No one will buy it. There are plenty of gasoline powered cars that get good mileage for a fraction of that price. People who want to get mileage can do it a lot cheaper than buying a Volt. And those who want to do so. Or walk to work or do other sustainable things. The government doesn’t need to subsidize it either.

The Volt’s only hope is that there are more than a few people out there who want to make a statement about how green they are.

Lily on July 30, 2010 at 8:10 PM

The Volt’s only hope is that there are more than a few people out there who want to make a statement about how green they are.

Lily on July 30, 2010 at 8:10 PM

There are, but don’t expect them to trade their Prius in on a GM vehicle.

Fighton03 on July 30, 2010 at 8:18 PM

The idiotic Tesla argument again. Tesla is a rich mans toy with a base sticker price of $109,000. Tesla has stated that at 40K miles the battery pack is down to 70% of it’s original storage capacity and a replacement is $20K. BTW, Tesla is broke and looking for suckers investors to make their “second generation”.
Any questions?

Tesla Roadster is made to be a richman’s toy. So is a Lamborghini. WTF is your point? Toyota is the “sucker” investor who just invested in this “terrible” company with a “terrible” product. GM and Chrysler actually did go bankrupt recently and they weren’t exactly focused on electric cars at the time. Again, what’s your point?

coldwater on July 30, 2010 at 8:19 PM

coldwater on July 30, 2010 at 8:07 PM
Battery technology is poor and not likely to improve much; we’re starting to approach theoretical limits.
BTW, the early Tesla experiments with battery packs produced a number of small fires. The lithium-ion battery can generate a lot of waste heat at high discharge rates (this is the inefficiency in batteries I mentioned earlier).
The better alternative is a more efficient internal combustion engine with an electric final drive; imagine the diesel-electric locomotive power system adapted to a car.
A Manhattan Project along these lines would be much more likely of success than playing with chemical battery technology.

mad scientist on July 30, 2010 at 8:22 PM

Absolutely do have to go now. Sorry guys and gals..

coldwater on July 30, 2010 at 8:24 PM

Absolutely do have to go now. Sorry guys and gals..

coldwater on July 30, 2010 at 8:24 PM

Understand. But, the big thing to point out is this.

For the first couple of years (and perhaps many more) the Volt will have the same kind of buyers as the Hummer.

Buyers who are not looking for an economical vehicle but who want to make a statement e.g. “I’ve got a BIG truck”, or “I’ve got a green vehicle”.

This is the big point you seem to missing altogether.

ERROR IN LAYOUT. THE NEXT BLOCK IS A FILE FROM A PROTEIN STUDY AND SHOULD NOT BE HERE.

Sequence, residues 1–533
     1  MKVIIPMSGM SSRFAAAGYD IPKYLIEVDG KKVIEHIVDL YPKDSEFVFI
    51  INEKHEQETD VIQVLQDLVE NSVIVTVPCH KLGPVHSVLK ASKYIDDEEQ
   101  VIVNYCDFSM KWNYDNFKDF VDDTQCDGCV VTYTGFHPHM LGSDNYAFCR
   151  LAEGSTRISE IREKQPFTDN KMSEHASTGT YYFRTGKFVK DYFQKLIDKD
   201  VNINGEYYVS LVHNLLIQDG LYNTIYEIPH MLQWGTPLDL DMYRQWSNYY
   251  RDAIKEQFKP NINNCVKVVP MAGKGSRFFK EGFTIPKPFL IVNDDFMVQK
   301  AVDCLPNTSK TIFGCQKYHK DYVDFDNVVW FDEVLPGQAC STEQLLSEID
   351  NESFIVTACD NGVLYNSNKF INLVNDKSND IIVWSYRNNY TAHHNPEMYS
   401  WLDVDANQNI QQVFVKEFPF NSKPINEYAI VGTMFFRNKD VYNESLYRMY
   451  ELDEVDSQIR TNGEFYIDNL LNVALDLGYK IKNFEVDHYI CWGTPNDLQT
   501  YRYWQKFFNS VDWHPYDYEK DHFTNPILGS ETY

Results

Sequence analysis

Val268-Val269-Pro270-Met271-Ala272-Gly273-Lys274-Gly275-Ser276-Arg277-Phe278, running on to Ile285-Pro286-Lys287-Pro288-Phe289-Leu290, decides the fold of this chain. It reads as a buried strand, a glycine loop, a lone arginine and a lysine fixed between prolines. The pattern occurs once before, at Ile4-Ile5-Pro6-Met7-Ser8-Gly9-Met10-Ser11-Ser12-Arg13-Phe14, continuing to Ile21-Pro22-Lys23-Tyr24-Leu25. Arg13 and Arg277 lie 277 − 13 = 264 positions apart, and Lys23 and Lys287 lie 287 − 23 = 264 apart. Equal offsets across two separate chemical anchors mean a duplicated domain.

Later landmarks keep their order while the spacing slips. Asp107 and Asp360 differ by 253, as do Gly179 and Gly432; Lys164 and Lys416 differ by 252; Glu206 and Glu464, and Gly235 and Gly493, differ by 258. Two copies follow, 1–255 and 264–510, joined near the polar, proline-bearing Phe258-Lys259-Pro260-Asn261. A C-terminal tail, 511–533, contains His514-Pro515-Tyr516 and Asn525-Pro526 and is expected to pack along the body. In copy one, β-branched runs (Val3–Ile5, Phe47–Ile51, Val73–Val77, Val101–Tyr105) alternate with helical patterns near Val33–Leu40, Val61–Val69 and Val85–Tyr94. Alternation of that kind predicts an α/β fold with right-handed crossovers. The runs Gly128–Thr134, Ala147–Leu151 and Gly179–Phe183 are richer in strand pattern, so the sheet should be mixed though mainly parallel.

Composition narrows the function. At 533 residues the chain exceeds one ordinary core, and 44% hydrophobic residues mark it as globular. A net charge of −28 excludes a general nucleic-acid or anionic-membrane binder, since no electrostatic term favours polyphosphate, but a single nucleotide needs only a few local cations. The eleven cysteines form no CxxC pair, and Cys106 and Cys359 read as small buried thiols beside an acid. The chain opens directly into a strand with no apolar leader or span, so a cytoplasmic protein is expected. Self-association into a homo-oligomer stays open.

shick on July 30, 2010 at 8:30 PM

coldwater on July 30, 2010 at 8:19 PM

Obviously I hit a nerve.
Tesla is bankrupt. Chevy is trying to get out of bankruptcy with a similar product that’s out of the price range of most Americans?
Last time I checked Lamborghini was still viable, so is Ferrari.

mad scientist on July 30, 2010 at 8:31 PM

I seem to be missing “be”.

shick on July 30, 2010 at 8:32 PM

Coldwater needs to dowse himself.

shick on July 30, 2010 at 8:33 PM

shick on July 30, 2010 at 8:30 PM

I agree. The problem is that they will probably use the taxpayer subsidized lease program instead of buying. It costs less in payments and lets you return the car before that big expense of replacing the batteries.
Not exactly a success story for GM.

mad scientist on July 30, 2010 at 8:34 PM

coldwater on July 30, 2010 at 8:19 PM

and Tesla got Toyota out of the NUMMI charlie foxtrot….seems a pretty a good trade for Trade to minimize risk by outsourcing R&D risk. Almost a win-win for toyota.

Fighton03 on July 30, 2010 at 8:36 PM

gah…second trade should be TMC…..

Fighton03 on July 30, 2010 at 8:37 PM

Not exactly a success story for GM.

mad scientist on July 30, 2010 at 8:34 PM

That’s my other big concern, the people working at GM. I’m sure many don’t like building junk that the government demands. I’m sure many others would like managment to stop with irresponsible leadership.

There are many good peopling working at GM. And many of their products are still good. That’s why I haven’t completely written them off as a potential maker. This silliness does make it harder to buy one though.

shick on July 30, 2010 at 8:40 PM

shick on July 30, 2010 at 8:40 PM
I have owned several GM vehicles and liked most of them (the Nova built by Toyota promptly fell apart at 100K miles). I will not buy another GM or Chrysler product as long as the government or the unions has any ownership of them.

mad scientist on July 30, 2010 at 8:45 PM

I love it when people say “we need to make this a priority, spend lots of money on X” where X is something they would like to see.

Like efficient battery powered engines, or cold fusion, or living on distant planets.

Making these things happen isn’t just we haven’t spent enough money or enough time on them. Its that given *other* technologies ( a HUGE swath of them ) its just not feasible.

Its like people in the 1920s wanting planes which are flown “over the wire” before there were integrated circuits.

DavidM on July 30, 2010 at 8:47 PM

I have owned several GM vehicles and liked most of them (the Nova built by Toyota promptly fell apart at 100K miles). I will not buy another GM or Chrysler product as long as the government or the unions has any ownership of them.